B. The Plaintiff Lacks Standing to Bring this Case

         As a preliminary matter, "[i]t has been repeatedly recognized that all qualified voters have a constitutionally protected right to vote and to have their votes counted." Reynolds v. Sims, 377 U.S. 533, 554, 84 S.Ct. 1362, 1378, 12 L.Ed.2d 506 (1964) (internal citations omitted). In order to establish standing, however, a plaintiff seeking an injunction to prevent a possible future deprivation of his constitutional rights under § 1983 must "establish ... the likelihood of substantial and immediate irreparable injury . . . ." City of Los Angeles v. Lyons, 461 U.S. 95, 103, 103 S.Ct. 1660, 1666, 75 L.Ed.2d 675 (1983). Even affording the complaint liberal construction, Manship simply fails to demonstrate the likelihood that Virginia's electronic voting system will incorrectly calculate his, or anyone else's, votes. First, the complaint alleges possible vulnerabilities in the electronic voting system and references past elections, but offers no plausible evidence to show that anyone has exploited or will exploit the alleged vulnerabilities in this election. Manship only asserts that two Virginia counties had higher-than-average voter turnout in 2012 to support his claim of ongoing fraud. Second, Manship fails to allege, either generally or specifically, who has exploited the vulnerabilities in Virginia's electronic voting system. These allegations, afforded liberal construction, fail to show a likelihood of harm to Manship's voting rights based on Virginia's electronic election system.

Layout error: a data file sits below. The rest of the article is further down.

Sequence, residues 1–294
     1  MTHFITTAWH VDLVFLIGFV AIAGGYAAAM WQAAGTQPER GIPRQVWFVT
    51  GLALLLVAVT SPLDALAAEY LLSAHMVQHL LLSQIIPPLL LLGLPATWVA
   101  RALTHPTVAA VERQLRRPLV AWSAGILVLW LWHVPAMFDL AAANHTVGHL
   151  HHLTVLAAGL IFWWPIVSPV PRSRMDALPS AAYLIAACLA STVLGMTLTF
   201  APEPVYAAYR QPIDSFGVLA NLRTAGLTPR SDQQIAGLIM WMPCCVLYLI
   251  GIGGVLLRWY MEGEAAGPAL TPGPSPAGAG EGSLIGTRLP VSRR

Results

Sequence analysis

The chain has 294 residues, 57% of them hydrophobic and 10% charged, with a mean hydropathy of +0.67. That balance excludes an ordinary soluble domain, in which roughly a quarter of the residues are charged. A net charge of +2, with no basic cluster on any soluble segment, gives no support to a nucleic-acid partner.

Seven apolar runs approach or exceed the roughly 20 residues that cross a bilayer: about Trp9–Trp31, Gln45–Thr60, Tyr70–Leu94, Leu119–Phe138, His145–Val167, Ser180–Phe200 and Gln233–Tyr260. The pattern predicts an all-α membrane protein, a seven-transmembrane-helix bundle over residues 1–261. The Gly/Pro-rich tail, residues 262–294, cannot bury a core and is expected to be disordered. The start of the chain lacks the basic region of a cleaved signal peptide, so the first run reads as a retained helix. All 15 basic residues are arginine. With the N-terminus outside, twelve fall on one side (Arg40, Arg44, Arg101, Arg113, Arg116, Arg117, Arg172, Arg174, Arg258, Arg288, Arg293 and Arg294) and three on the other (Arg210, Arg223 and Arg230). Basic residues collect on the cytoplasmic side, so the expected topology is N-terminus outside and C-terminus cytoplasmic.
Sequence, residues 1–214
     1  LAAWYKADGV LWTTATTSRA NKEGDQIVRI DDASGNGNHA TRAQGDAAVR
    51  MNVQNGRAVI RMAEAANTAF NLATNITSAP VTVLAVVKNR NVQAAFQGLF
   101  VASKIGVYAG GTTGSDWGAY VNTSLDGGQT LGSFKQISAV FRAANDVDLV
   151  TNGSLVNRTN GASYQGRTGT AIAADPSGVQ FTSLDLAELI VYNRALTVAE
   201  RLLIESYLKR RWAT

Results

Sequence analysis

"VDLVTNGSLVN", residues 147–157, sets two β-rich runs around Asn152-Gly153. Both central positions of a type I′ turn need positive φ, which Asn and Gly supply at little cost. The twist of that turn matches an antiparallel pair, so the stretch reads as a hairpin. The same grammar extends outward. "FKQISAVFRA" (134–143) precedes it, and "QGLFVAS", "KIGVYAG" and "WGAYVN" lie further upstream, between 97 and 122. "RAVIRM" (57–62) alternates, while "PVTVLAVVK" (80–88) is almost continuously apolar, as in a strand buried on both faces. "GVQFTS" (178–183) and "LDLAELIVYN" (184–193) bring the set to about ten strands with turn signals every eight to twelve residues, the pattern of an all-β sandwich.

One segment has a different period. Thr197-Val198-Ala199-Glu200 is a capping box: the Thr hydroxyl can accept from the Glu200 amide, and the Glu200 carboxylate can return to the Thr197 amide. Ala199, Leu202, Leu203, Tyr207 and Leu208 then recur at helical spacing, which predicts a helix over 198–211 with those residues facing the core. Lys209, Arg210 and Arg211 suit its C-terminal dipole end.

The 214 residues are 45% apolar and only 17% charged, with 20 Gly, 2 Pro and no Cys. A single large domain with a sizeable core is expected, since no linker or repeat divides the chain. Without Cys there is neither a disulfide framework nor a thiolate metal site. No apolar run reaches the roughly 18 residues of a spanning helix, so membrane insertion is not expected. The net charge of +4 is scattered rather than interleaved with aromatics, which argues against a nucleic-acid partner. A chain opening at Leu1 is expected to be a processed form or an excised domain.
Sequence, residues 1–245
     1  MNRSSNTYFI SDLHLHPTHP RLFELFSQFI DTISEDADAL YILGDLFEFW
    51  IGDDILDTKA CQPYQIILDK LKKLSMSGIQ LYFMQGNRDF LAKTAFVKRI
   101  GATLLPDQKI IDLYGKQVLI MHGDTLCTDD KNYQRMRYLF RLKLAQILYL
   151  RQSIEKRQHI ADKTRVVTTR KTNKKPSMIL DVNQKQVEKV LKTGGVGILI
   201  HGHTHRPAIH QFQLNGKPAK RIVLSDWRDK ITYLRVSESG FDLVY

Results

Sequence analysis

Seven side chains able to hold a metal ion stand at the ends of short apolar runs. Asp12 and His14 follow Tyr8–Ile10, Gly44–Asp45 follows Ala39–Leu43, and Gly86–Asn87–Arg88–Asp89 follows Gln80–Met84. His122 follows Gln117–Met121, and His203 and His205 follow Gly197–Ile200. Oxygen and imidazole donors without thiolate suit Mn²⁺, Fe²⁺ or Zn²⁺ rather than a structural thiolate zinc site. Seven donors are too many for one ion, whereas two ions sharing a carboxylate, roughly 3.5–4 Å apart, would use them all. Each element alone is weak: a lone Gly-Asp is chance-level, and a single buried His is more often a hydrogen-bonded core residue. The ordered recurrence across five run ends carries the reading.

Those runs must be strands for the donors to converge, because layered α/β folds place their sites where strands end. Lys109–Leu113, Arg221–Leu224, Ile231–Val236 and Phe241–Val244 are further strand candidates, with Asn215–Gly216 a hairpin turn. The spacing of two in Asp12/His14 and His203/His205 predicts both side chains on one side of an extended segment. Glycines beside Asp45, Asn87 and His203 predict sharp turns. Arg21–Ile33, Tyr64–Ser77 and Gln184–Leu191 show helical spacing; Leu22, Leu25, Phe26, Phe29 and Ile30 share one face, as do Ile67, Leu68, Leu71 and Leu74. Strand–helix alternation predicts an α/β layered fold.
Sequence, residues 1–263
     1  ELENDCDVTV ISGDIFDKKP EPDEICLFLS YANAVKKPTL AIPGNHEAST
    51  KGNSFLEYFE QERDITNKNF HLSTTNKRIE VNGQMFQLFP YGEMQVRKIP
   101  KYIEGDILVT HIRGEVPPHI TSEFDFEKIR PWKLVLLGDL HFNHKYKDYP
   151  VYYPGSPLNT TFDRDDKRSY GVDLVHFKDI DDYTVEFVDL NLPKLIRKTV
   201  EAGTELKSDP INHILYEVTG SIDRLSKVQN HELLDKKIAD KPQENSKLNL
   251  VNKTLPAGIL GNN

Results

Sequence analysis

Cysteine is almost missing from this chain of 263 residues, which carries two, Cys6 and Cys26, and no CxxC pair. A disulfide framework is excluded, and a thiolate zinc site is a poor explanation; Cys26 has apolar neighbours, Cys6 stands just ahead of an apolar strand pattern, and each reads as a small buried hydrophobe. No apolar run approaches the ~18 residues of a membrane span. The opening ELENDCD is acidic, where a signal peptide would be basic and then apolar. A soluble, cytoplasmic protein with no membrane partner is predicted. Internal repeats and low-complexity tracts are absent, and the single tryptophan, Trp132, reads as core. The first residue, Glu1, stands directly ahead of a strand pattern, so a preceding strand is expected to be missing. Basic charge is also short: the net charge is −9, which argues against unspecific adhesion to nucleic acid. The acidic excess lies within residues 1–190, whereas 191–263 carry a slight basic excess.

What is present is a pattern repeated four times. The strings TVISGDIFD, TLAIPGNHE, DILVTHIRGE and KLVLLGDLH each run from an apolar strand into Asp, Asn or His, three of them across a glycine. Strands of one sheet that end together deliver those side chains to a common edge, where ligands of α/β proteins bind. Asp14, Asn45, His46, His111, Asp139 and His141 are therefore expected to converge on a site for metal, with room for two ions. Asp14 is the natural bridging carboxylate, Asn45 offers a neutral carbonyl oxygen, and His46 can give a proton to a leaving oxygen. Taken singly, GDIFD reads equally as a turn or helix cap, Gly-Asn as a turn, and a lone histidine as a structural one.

C The Complaint Sets Forth Frivolous Claims

         Setting aside the plaintiffs lack of standing in this case, a district court may dismiss a case brought in forma pauperis at any time the court determines that the action "is frivolous or malicious" or "fails to state a claim on which relief may be granted" 28 U.S.C. § 1915(e)(2)(B).

         A frivolous complaint "lacks an arguable basis in law or in fact." McLean v. United States, 566 3 F.3d 391, 399 (4th Cir. 2009) ("Examples of frivolous claims include those whose factual allegations are so nutty, delusional, or wholly fanciful as to be simply unbelievable.") (internal quotation marks omitted)). Although the complaint cites a C-Span panel of purported cyber-security experts discussing the possibility of voter fraud utilizing electronic systems, the complaint alleges only delusional facts to support his theory that Virginia currently faces such fraud. Manship claims that members of the government have refused to talk to him about his theories and that voter participation rates rose in two counties in 2012. Such claims do not amount to a showing of fraud in Virginia's electronic voting system and lack any factual basis in support of Manship's claims.

         IV, Conclusion

         For the reasons stated above, Manship lacks standing to bring these ...